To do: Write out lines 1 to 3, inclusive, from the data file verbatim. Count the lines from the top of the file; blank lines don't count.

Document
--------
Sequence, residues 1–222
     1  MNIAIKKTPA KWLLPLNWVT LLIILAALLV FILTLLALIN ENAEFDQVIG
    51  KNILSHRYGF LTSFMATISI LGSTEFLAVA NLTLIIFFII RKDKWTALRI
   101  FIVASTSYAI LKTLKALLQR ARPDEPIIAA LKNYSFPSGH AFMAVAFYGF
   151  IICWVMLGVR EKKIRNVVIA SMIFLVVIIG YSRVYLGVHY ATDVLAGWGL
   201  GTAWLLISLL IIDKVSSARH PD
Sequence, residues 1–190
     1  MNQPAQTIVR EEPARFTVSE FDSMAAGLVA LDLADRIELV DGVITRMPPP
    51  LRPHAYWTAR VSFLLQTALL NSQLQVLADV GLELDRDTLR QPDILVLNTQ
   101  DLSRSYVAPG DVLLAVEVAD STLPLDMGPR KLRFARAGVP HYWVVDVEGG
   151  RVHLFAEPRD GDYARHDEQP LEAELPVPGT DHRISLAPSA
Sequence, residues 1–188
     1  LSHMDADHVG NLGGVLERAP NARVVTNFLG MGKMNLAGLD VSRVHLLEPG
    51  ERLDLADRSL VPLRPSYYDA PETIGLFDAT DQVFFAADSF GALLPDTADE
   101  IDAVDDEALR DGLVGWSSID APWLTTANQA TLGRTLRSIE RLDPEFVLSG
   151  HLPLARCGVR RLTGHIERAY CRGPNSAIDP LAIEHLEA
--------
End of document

Sequence, residues 1–222
     1  MNIAIKKTPA KWLLPLNWVT LLIILAALLV FILTLLALIN ENAEFDQVIG
    51  KNILSHRYGF LTSFMATISI LGSTEFLAVA NLTLIIFFII RKDKWTALRI